Critic Reviews



Based on 55 critic reviews provided by Metacritic.com
While the themes are deep, Black Panther is at the same time a visual joy to behold, with confident quirkiness (those aforementioned war rhinos), insane action sequences and special effects, and the glorious reveal of Wakanda, whose culture is steeped in African influences but which also offers a jaw-dropping look at what a city of the future could be.
[Coogler] infuses nearly every frame with soul and style, and makes the radical case that a comic-book movie can actually have something meaningful — beyond boom or kapow or America — to say. In that context, Panther’s nuanced celebration of pride and identity and personal responsibility doesn’t just feel like a fresh direction for the genre, it’s the movie’s own true superpower.
Black Panther delivers the goods as an adventure film, a political statement, and a cultural celebration. It shakes off a sluggish start thanks to a memorable cast of characters going up against Marvel’s best-realized villain in almost a decade.
Unusually grounded for a Marvel superhero epic, and unusually gripping.
When Black Panther works, it’s thrillingly alive, whether it’s the dazzling colors of the vivid costumes by Ruth E. Carter (“Selma”)...or the eclectic and vibrant music choices.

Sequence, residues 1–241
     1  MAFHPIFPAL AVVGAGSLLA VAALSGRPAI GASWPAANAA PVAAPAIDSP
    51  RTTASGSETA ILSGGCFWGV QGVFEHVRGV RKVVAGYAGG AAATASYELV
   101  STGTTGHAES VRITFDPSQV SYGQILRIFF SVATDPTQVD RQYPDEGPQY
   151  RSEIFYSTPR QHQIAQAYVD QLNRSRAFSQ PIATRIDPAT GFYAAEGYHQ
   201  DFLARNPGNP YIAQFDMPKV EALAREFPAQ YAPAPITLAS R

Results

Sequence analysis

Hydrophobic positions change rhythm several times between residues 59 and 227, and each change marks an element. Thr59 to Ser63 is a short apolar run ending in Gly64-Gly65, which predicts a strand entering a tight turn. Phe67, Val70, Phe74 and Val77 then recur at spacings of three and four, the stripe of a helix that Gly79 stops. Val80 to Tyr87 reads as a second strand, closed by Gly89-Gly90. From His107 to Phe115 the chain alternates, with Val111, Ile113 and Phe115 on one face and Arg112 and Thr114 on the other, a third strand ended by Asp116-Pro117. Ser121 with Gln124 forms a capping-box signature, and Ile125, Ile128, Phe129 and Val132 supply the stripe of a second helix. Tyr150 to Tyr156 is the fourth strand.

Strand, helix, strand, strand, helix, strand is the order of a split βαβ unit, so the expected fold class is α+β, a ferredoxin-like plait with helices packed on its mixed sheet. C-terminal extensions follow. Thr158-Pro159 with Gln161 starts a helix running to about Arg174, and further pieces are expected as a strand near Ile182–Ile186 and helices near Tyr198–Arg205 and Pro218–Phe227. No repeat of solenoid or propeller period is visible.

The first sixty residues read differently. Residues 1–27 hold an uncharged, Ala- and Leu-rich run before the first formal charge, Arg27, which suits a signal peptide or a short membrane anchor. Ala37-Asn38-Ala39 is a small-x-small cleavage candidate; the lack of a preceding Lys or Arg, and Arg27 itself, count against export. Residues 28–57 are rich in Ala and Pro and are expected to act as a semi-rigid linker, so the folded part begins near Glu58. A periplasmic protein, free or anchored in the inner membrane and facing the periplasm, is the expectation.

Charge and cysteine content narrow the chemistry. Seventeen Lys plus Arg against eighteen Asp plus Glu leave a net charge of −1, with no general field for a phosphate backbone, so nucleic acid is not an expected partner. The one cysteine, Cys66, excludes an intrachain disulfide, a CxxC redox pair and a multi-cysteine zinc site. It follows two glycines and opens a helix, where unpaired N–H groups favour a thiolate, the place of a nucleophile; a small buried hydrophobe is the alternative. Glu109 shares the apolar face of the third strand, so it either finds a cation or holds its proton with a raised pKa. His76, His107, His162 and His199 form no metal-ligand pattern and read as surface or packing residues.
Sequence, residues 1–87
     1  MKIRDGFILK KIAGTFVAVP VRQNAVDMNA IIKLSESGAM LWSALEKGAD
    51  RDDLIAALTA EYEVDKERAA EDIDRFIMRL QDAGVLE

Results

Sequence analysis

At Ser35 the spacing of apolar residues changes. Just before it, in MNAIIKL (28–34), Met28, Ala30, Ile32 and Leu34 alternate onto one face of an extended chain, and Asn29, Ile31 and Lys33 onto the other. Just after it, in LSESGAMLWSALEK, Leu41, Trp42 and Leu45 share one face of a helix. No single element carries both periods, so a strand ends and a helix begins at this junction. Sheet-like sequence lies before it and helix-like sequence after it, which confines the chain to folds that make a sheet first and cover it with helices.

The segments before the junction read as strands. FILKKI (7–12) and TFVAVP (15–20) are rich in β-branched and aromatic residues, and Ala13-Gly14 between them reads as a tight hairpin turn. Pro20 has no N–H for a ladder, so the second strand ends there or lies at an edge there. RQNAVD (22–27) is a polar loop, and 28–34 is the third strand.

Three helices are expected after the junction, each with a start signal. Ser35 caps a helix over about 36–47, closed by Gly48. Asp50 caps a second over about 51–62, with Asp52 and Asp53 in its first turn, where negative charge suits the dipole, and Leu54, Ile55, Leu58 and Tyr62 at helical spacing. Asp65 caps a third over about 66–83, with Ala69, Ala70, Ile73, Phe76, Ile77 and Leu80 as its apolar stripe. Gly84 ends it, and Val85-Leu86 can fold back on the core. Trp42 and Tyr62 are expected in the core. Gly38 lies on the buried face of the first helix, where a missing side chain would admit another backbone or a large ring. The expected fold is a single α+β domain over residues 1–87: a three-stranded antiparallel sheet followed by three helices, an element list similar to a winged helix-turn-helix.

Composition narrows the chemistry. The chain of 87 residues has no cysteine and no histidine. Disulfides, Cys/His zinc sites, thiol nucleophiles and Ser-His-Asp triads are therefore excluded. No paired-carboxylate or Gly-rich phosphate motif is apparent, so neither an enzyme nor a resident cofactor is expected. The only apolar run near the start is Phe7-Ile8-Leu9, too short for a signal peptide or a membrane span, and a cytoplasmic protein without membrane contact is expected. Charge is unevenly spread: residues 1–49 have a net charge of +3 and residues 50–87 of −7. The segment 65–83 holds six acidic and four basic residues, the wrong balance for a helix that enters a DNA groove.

As with Jordan Peele’s Get Out, or Coogler’s 2015 Rocky spin-off Creed, Black Panther isn’t a novelty, but a fresh perspective on a well-worn format. Not to get all Rosa Parks about it, but the film walks into the multiplex like it’s insane that it hasn’t been allowed in there all along. And it is.
The intriguing thing about Black Panther is that it doesn’t look like a superhero film – more a wide-eyed fantasy romance: exciting, subversive and funny.
While many Marvel films, even some of the good ones, feel like small pieces of a larger story, Black Panther is an entire cinematic universe unto itself.
The actors are all seen to very good advantage. Boseman certainly holds his own, but there are quite a few charismatic supporting players here keen to steal every scene they can — and they do, notably the physically imposing Jordan, the radiant Nyong'o and especially Wright, who gives her every scene extra punch and humor.
Coogler (Fruitvale Station, Creed) has fashioned a slightly more earnest variation on the typical MCU movie — one that is still fun and funny, but also rooted in a desire to speak meaningfully about racism, global culture clashes, and the tension between hiding behind one’s borders and helping outsiders in need.

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